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Unhappy New Year for post-grad students

Tertiary Education Spokesperson

01 January 2012

Unhappy New Year for post-grad students

The Government is sending a clear message to thousands of postgraduate students who can no longer get student allowances- don't try to better yourself or add to our country's health and prosperity, says Grant Robertson, Labour’s Tertiary Education spokesperson.

From today student allowances for all postgraduate students have been abolished, and an absolute limit of four years of allowances has been set for undergraduate study, no matter how many years of study are required for the qualification.

"Thousands of students, mostly from low income backgrounds will no longer have support to do postgraduate qualifications. For many this will mean that they simply will not be able to complete or even undertake their courses. This means they may never achieve their potential and that as a country we will all miss out. Education should not just be for those lucky enough to have deep pockets.

"A recent survey of postgraduate students showed that nearly 40% of them would not be able to undertake study because of the abolition of allowances, with many looking to head overseas.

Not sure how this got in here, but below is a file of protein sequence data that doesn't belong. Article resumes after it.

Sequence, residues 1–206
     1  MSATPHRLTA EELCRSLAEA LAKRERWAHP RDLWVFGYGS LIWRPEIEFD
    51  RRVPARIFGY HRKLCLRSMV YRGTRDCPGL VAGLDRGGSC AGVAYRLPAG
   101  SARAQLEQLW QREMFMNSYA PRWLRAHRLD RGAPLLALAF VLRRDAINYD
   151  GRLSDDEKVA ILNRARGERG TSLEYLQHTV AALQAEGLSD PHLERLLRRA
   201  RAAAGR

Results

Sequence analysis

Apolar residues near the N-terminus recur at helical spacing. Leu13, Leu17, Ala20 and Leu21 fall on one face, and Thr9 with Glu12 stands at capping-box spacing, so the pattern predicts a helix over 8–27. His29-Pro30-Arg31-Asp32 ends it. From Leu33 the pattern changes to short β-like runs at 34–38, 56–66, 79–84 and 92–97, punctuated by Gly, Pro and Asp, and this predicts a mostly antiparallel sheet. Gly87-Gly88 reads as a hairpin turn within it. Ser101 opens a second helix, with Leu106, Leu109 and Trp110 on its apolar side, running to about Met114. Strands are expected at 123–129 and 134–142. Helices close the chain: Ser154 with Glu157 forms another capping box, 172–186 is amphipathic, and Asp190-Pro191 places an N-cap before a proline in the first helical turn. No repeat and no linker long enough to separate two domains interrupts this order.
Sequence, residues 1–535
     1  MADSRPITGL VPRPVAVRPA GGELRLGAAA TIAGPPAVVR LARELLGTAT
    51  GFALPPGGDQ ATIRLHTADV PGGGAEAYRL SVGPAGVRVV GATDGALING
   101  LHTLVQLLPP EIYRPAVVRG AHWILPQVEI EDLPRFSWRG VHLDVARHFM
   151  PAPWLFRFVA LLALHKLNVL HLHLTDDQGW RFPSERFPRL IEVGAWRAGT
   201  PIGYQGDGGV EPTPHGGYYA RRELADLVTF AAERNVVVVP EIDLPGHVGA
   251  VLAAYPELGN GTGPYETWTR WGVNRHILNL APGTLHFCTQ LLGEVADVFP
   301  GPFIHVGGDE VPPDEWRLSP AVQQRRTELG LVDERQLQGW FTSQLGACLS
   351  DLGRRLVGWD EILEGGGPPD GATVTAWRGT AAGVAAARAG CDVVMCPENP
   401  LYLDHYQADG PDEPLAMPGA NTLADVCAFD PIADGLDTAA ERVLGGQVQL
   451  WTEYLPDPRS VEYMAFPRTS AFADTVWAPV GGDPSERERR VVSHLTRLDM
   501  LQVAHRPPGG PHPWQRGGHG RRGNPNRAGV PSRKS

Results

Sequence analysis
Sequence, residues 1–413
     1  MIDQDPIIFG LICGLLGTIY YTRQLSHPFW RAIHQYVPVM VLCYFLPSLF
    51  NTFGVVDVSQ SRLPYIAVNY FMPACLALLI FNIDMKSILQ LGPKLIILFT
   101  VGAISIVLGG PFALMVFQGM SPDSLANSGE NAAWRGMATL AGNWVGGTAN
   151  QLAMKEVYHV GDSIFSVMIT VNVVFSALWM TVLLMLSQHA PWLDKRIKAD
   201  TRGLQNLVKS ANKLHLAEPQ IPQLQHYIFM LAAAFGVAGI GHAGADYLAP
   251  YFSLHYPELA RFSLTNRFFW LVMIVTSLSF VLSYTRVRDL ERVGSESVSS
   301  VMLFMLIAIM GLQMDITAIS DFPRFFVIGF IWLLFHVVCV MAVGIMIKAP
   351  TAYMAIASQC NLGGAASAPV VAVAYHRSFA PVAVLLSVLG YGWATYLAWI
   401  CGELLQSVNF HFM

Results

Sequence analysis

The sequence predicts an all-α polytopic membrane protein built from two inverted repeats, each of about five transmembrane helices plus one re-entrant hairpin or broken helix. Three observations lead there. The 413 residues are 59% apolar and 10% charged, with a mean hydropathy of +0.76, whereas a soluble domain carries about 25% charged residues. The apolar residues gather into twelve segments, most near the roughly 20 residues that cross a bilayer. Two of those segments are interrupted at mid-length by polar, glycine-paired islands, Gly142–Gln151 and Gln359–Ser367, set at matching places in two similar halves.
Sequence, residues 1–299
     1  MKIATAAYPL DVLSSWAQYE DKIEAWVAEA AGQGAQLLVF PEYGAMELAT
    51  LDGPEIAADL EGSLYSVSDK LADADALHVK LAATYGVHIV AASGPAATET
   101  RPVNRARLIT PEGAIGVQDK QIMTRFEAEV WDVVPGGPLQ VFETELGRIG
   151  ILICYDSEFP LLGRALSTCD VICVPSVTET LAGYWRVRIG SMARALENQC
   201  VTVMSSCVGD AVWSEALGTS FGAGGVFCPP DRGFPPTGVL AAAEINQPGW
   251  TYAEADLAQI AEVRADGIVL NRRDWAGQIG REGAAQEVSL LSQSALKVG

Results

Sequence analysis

"I’ve heard from students and their families who are distraught about these changes. It's especially hard on people, such as those wanting to be clinical psychologists or architects, who have to undertake postgraduate study to be able to work in New Zealand. We actually have a shortage of clinical psychologists, which shows just how poorly thought through this government policy is.

"Today is also the day when the government limits allowances to four years of study. This is very harsh on those in the middle of programmes who had no warning of this change. It is short sighted penny pinching from a National Government that is obsessed with cost-cutting rather than the long term interests of students, the country and the economy.

"Steven Joyce needs to urgently revisit this decision. It is sending a message to our best and brightest that their best chance of fulfilling their potential is overseas. That is a tragedy for our country when we need more qualified people to grow a sustainable economy," Grant Robertson says.


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